To answer that question, the NBER paper builds a very complex economic model that represents these spillover effects, and estimates the potential for each neighborhood to add value if it can move from its current underdevelopment equilibrium. In this map illustrating their findings, the neighborhoods with the darkest colors have the highest potential value if development takes place.

The authors measure the potential for future growth by estimating the total increase in rents associated with additional housing development and population growth in each neighborhood. Some neighborhoods are well-positioned for development to take-off, and would show the biggest gains in activity, if the coordination problem could be overcome. That coordination problem is apparent in neighborhoods near downtown Detroit: even though it would make sense to invest, no one wants to be the first investor, for fear that other’s won’t invest.  So Owens, Rossi-Hansberg and Sarte suggest this obstacle might be overcome if we could create a kind of  “investment insurance”–if you invest in this neighborhood, then we’ guarantee a return on your home or business.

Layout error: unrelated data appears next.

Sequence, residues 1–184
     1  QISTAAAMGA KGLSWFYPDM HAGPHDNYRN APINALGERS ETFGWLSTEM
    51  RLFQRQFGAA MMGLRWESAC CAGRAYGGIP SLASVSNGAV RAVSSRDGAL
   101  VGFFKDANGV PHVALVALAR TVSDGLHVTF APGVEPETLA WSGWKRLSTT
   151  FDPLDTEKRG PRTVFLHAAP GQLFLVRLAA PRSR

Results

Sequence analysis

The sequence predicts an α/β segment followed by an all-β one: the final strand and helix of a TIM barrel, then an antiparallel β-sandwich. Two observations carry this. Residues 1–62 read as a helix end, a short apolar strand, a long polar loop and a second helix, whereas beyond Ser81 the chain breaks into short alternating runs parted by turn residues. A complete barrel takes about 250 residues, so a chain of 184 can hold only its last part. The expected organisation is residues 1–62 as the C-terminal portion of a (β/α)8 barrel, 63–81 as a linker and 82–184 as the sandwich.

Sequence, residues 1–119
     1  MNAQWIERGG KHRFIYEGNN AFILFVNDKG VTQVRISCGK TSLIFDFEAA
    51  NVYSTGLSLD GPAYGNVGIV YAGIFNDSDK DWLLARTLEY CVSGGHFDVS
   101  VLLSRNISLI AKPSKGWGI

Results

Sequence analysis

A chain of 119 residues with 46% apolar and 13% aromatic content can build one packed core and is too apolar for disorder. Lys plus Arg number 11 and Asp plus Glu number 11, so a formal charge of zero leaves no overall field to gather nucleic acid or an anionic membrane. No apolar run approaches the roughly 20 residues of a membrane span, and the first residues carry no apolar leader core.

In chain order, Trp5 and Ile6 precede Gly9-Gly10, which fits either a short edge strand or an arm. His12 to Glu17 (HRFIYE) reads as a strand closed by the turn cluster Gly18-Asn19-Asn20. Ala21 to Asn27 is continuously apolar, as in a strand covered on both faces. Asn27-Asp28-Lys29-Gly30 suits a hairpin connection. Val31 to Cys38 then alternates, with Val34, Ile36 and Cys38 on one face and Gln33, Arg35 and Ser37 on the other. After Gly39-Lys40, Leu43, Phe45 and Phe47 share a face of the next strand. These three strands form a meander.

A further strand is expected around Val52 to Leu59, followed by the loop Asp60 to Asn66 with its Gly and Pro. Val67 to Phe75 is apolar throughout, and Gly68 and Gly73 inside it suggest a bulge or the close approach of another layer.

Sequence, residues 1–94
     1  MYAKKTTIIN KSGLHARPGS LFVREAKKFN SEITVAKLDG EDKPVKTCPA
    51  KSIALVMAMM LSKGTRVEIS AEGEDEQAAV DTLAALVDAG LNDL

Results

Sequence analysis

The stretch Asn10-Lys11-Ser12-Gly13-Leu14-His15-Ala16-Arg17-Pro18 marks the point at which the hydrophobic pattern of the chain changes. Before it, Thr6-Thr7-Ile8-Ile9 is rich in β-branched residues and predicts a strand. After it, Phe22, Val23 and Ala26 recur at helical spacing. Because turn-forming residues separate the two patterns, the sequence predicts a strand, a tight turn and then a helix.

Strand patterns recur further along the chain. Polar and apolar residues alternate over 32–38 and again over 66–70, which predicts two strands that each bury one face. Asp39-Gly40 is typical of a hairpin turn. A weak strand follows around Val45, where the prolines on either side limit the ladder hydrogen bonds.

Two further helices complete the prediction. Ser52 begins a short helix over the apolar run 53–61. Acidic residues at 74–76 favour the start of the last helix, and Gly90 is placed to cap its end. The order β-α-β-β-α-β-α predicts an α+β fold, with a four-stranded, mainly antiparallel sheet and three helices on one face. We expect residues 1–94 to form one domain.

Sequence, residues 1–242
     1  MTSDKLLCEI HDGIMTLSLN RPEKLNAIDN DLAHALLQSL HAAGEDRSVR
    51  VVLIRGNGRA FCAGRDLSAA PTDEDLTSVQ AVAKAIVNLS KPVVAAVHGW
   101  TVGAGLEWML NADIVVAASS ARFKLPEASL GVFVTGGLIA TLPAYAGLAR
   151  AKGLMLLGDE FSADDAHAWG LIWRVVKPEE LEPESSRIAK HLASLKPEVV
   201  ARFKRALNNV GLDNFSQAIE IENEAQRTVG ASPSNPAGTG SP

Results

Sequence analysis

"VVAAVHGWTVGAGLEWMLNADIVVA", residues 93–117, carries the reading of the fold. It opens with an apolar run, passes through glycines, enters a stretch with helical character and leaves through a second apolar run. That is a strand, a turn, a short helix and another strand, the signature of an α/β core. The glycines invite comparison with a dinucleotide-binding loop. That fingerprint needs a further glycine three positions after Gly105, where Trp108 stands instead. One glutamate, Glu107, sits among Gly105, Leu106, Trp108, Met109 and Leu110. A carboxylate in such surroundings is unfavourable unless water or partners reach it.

As a thought experiment, the authors estimate the amount of a development guarantee that would be needed to trigger a minimum level of investment needed to get a neighborhood moving toward its rebuilding. In theory, offering developers a financial guarantee that their development would be successful could get them to invest in places they wouldn’t choose to invest today. That investment, in turn, would trigger a kind of positive feedback effect that would generate additional development, and the neighborhood would break out of its low-development equilibrium. If the author’s estimates are correct, its unlikely that the guarantees would actually need to be paid.